Lonmin Wins Shareholders Support for Rights Issue

on Nov 20, 2012

On 19 November 2012, Bloomberg reported that the Johannesburg-based platinum producer Lonmin (LON:LMI) won support from shareholders including its largest investor Xstrata (LON:XTA), for the recently proposed $817 million (£513 million) rights issue aimed at restructuring the platinum producer’s pressured balance sheet.

**Shareholders Back Lonmin’s Rights Issue**
Lonmin said that out of the votes cast more than 91 percent were in favour of the rights issue, with the investors participating in the vote representing almost 78 percent of the company’s shares. “We can now move forward, with confidence, continuing our delivery of the Lonmin Renewal Plan,” pointed out Lonmin’s Chairman Roger Phillimore, as quoted by Bloomberg.

Lonmin, which in the beginning of November reported a pre-tax loss of $698 million (£436.7 million), adopted the issues rights decision with the intent of repairing its finances and avoiding the breach of debt covenants after the South African labour unrest severely impacted its platinum output.
The platinum producer is offering nine shares for every five held at a price of 140 pence, with the price representing a discount of 44.4 percent to the theoretical ex-rights price (TERP), or the market price the shares would theoretically have following the rights issue.

**Small Shareholders Criticise Company Board**
Despite the shareholders’ support as regards the rights issue, Reuters reports that some Lonmin investors grilled the platinum producer’s board over strategy, leadership and the future of the company. Small shareholders questioned earnings, the company’s failure to predict union trouble, and even Lonmin’s survival.

!m[Investors However Question Company Strategy And Future ](/uploads/story/858/thumbs/pic1_inline.png)“The figures just look very, very sick and I don’t know where we go from here,” noted private shareholder Robert Muriel, as quoted by Reuters. “All right, you have the assets in the ground, but – oh boy.” Reuters also quotes Lonmin investor Josie Rowland as criticising the board for lacking sufficient executive directors to “drive” the company and questioned why Lonmin was unable to remain abreast of union issues, despite the presence of the former National Union of Mineworkers (NUM) leader Cyril Ramaphosa on the board.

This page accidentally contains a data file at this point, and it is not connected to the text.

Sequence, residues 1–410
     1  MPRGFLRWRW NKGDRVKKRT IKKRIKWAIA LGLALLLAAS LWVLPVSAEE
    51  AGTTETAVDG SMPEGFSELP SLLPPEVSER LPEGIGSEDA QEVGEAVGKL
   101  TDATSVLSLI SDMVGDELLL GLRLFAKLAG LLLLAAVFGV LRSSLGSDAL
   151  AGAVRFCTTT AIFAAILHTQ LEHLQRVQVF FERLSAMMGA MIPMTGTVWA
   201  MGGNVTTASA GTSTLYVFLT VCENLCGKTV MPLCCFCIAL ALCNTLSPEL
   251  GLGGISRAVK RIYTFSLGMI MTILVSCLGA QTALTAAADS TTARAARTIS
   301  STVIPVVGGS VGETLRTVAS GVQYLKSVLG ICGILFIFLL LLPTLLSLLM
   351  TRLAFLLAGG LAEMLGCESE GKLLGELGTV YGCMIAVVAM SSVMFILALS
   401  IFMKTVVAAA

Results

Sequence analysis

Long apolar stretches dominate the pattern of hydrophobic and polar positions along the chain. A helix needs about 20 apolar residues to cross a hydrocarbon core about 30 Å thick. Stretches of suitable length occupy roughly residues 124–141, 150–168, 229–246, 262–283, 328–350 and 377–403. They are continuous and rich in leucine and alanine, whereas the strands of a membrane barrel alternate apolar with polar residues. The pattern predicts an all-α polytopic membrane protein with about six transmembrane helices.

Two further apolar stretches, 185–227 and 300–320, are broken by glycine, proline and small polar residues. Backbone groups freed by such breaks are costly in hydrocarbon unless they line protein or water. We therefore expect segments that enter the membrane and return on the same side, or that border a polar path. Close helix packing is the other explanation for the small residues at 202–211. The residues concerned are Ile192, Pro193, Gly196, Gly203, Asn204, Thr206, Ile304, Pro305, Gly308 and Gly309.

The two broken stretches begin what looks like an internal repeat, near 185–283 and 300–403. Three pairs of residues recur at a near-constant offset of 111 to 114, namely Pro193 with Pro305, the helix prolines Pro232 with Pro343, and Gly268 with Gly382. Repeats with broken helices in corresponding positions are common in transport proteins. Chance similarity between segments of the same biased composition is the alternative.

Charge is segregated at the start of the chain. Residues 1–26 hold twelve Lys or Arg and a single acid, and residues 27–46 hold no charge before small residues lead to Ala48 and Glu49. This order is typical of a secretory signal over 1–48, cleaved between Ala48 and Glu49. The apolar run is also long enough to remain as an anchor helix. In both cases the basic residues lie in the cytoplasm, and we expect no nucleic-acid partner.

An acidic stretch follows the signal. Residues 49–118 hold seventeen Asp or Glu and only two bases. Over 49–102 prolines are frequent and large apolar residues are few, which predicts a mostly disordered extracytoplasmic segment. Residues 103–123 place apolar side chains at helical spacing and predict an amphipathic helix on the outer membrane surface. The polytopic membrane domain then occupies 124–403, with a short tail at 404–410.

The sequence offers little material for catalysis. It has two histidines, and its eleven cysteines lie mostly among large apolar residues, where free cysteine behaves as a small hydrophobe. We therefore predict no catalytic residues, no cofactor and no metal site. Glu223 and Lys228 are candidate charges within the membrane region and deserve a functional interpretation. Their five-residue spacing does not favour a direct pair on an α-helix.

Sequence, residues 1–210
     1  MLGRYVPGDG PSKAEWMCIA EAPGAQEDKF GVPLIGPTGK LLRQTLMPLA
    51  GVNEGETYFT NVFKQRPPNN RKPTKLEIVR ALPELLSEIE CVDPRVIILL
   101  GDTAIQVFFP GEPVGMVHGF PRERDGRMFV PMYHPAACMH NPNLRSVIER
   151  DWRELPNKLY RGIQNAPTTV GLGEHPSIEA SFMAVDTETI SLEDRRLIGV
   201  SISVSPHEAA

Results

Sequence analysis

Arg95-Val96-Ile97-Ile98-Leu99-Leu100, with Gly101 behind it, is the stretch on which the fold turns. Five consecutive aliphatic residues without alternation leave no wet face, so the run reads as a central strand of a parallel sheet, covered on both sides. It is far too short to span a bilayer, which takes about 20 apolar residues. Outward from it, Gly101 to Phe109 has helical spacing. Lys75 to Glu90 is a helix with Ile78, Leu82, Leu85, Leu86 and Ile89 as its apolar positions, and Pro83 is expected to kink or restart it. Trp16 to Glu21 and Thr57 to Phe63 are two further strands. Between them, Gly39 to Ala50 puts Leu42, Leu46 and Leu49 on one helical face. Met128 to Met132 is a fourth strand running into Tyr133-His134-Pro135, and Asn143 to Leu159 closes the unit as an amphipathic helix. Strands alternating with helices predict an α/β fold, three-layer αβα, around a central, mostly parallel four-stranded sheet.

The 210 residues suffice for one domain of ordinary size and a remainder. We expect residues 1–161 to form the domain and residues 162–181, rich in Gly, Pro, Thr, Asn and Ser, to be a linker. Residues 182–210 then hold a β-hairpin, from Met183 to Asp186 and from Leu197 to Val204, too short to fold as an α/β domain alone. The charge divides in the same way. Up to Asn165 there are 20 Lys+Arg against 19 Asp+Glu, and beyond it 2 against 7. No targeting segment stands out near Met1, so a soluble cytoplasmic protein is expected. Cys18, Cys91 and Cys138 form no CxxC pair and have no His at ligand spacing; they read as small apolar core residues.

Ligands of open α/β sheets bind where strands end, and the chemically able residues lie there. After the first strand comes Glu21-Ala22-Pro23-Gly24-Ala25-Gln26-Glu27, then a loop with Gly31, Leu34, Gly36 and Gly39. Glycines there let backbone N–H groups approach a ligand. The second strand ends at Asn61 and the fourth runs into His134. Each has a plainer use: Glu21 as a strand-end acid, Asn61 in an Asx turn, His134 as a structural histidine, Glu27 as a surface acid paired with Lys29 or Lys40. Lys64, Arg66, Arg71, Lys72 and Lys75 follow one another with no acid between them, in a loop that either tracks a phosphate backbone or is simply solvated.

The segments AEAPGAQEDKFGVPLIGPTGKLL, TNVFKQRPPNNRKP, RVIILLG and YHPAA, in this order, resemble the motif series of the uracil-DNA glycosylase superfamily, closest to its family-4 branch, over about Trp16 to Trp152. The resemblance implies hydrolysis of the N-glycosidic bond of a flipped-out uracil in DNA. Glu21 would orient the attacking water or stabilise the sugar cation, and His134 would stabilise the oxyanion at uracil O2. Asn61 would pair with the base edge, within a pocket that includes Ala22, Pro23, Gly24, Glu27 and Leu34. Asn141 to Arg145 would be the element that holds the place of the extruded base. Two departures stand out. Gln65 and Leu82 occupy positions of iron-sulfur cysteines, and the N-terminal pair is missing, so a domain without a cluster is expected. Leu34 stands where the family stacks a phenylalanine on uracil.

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**Long Road to Recovery**
Reuters reports that although Lonmin’s shares rose by more than nine percent in London, recovering some of the losses incurred in 2012, analysts as well as investors said that the rights issue did not solve the platinum producer’s problems such as high costs, weak platinum demand as well as the absence of a permanent CEO. The position is currently filled by Simon Scott, with Lonmin’s CEO Ian Farmer stepping aside three months ago for medical treatment.
Yet, the rights issue will help patch up Lonmin’s balance sheet, with Reuters quoting Nomura’s analyst Tyler Broda as saying that it would “allow shareholders to avoid a very bad scenario – the company going bankrupt.”
In addition, the rights issue might also prompt Lonmin’s largest shareholder Xstrata come up with a new takeover proposal, with the previous two offers having been rejected by Lonmin’s management.
Reuters quotes a source close to one major Lonmin shareholder as saying that that it was important that the rights issue was completed. “But it is the beginning of a much longer recovery plan.”

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